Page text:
a million man march in Egypt


Torture is an endemic problem in Egypt and ending police abuse has been a driving element behind the massive popular demonstrations that swept Egypt over the past week, Human Rights Watch said in a report released today.

Prosecuting torture and ending the emergency laws that enable a culture of impunity for the security forces should be a priority for the Egyptian government, Human Rights Watch said.

The 95-page report, “‘Work on Him Until He Confesses’: Impunity for Torture in Egypt,” documents how President Hosni Mubarak’s government implicitly condones police abuse by failing to ensure that law enforcement officials accused of torture are investigated and criminally prosecuted, leaving victims without a remedy.

“Egyptians deserve a clean break from the incredibly entrenched practice of torture,” said Joe Stork, deputy director of the Middle East and North Africa Division at Human Rights Watch. “The Egyptian government’s foul record on this issue is a huge part of what is still bringing crowds onto the streets today.”


The BBC’s Tim Willcox describes the protesters’ plans

Egyptian protesters are gathering for a massive rally in Cairo as they step up their efforts to force President Hosni Mubarak from power.


Anti-Mubarak reformists and opposition figures hoped one million Egyptians would join the biggest protest to mark an uprising which erupted a week ago to force Mubarak to step down.

A protester reaches out as a soldier holds a child during a demonstration in Cairo

A protester reaches out as a soldier holds a child during a demonstration in Cairo January 29, 2011. REUTERS/Asmaa Waguih



Tahrir Square Cairo by reuters

Egyptians rally at Tahrir Square in downtown Cairo February 1, 2011. REUTERS/Amr Abdallah Dalsh

About 2 million people in and around the square….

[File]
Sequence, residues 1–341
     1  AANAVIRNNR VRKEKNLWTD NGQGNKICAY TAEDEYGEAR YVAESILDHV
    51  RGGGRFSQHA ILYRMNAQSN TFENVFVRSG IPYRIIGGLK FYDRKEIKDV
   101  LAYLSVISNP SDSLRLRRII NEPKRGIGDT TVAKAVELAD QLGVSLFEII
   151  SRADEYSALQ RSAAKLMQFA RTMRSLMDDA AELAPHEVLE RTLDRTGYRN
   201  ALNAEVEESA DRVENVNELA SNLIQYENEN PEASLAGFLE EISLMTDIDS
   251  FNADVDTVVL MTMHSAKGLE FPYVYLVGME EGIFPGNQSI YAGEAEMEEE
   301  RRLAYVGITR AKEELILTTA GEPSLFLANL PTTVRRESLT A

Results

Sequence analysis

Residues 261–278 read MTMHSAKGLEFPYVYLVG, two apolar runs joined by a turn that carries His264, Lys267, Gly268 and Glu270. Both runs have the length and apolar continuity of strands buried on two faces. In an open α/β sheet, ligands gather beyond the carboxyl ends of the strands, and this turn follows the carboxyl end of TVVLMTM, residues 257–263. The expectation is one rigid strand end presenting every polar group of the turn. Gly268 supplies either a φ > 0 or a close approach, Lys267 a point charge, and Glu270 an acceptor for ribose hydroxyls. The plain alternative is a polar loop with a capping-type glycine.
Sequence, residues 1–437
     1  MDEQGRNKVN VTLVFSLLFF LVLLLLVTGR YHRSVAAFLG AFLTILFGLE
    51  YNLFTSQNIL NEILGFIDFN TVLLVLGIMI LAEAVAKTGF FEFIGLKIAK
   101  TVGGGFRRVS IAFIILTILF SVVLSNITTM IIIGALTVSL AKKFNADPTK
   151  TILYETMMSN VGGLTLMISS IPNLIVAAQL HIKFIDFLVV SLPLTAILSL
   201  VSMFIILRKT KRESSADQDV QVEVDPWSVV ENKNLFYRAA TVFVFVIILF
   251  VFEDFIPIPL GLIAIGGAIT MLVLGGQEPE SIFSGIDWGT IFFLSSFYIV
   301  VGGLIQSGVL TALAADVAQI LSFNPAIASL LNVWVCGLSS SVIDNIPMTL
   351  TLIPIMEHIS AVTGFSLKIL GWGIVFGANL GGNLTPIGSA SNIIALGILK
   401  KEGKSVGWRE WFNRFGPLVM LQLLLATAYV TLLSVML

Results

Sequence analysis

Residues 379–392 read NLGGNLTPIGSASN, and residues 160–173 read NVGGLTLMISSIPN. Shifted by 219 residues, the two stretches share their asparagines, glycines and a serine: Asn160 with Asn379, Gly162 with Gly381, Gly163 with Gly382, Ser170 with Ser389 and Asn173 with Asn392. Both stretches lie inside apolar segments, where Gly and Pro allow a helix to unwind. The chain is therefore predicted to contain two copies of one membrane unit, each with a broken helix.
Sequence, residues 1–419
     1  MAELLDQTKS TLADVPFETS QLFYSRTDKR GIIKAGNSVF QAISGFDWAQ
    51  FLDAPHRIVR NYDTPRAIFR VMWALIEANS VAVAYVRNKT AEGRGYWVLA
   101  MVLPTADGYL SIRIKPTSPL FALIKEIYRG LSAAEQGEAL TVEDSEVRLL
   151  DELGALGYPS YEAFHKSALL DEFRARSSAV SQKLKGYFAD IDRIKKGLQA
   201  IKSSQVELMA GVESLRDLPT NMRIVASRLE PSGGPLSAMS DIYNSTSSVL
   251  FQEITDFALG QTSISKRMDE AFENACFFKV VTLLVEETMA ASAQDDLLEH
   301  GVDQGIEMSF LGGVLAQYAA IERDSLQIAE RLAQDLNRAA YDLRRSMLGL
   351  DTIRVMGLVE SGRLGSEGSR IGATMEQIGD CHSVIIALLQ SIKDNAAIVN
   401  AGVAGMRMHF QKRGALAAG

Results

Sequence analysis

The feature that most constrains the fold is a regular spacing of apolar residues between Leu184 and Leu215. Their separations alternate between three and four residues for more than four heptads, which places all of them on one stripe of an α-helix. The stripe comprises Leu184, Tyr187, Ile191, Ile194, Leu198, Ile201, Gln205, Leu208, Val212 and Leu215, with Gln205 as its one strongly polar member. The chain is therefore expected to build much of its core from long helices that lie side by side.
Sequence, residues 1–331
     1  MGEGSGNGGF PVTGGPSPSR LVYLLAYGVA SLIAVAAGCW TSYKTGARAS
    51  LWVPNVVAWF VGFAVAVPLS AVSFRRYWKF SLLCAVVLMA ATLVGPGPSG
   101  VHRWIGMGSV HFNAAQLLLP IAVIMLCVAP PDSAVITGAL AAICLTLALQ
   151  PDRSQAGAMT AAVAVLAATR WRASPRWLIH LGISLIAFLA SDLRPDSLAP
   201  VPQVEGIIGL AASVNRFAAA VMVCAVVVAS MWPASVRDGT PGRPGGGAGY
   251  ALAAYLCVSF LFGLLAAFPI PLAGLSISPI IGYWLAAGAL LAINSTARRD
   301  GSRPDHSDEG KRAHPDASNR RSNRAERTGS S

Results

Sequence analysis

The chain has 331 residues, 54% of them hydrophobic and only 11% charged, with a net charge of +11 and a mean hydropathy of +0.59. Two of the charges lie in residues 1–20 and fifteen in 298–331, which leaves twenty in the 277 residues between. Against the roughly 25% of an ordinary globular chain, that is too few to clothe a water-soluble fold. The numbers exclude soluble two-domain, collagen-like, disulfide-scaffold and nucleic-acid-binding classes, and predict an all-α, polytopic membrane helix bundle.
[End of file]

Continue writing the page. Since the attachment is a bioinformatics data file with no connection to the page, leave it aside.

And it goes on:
13 thoughts on “a million man march in Egypt”

  1. But…the thing is no one really knows what after Mubarak, it might turn even worse. There seem to be no one really good leader in sight for Egypt at the moment. But this is the chance for change so let’s hope it will be for better.

    • Long time no see!
      Nobody knows what’s after this. I’m sure the leader is found when the situation is stable.
      I don’t understand why M didn’t speak with people in the first hand. Why didn’t he had dialogue? He was just standing like a cold icicle without any empathy…
      I’m afraid people like Mubarak!!!

  2. It is shocking that most of us outside of Egypt took no notice of the cruelty of the Mubarak-led government until this protest. They are 100% right to protest, and I hope they get the freedom and rights they deserve.

    • We lived there two years and we knew all the time this will happen – it was only a question when.
      People have had enough. They want to feel free. They don’t want to get jailed without any reason, any trial.
      It’s a small elite of people who own everything in Egypt and most of the people are very poor….

    • Ei nakojaan ymmarra. Suomen kielisella blogilla just kerroin mita kuultiin tutuilta Egyptin tilanteesta.
      Jos Mubarak ei luovuta tulee sekasorto olemaan valtava. Ruoka, bensa, raha lopussa. Tahan pisteeseen asti venyttely johdolta osoittaa ylimielisyytta ja
      ElBaradei on saanut puheellaan pidettya ihmiset Tahrir aukiolla…mutta kuinka kauan ihmiset pysyvat rauhallisina…

  3. Here in the states, I am disappointed that our government has been an ally in some ways to Mubarak. Not only did we turn our backs on the torture and interrogation techniques being used there, we actually took interest in what information might have been gathered by such unethical techniques!

    • There’s a lot of money and power mixed with politics, wars….
      I watched this morning how Omar Sharif, actor, said how proud he is of Egyptian youth.
      Is Mubarak waiting somebody to kill him before he gives up…I just wonder….


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